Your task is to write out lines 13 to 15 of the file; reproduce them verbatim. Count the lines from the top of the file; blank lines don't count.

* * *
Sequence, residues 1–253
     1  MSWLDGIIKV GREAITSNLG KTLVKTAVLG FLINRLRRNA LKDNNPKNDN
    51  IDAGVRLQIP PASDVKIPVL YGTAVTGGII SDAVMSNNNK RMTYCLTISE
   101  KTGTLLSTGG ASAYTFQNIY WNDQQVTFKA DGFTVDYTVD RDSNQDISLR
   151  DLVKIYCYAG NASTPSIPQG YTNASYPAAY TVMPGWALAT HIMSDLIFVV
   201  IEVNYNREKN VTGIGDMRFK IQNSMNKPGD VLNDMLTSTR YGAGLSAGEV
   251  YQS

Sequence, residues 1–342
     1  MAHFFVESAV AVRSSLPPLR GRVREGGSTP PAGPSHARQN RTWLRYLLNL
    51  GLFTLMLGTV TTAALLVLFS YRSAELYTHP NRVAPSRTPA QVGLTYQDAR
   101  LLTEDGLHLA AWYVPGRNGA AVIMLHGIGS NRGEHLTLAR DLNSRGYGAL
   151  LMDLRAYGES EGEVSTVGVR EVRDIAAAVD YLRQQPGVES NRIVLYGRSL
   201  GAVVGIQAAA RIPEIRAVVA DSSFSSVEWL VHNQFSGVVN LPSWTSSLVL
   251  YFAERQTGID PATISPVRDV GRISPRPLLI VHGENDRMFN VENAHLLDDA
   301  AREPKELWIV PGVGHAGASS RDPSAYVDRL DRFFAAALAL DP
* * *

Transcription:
   201  GAVVGIQAAA RIPEIRAVVA DSSFSSVEWL VHNQFSGVVN LPSWTSSLVL
   251  YFAERQTGID PATISPVRDV GRISPRPLLI VHGENDRMFN VENAHLLDDA
   301  AREPKELWIV PGVGHAGASS RDPSAYVDRL DRFFAAALAL DP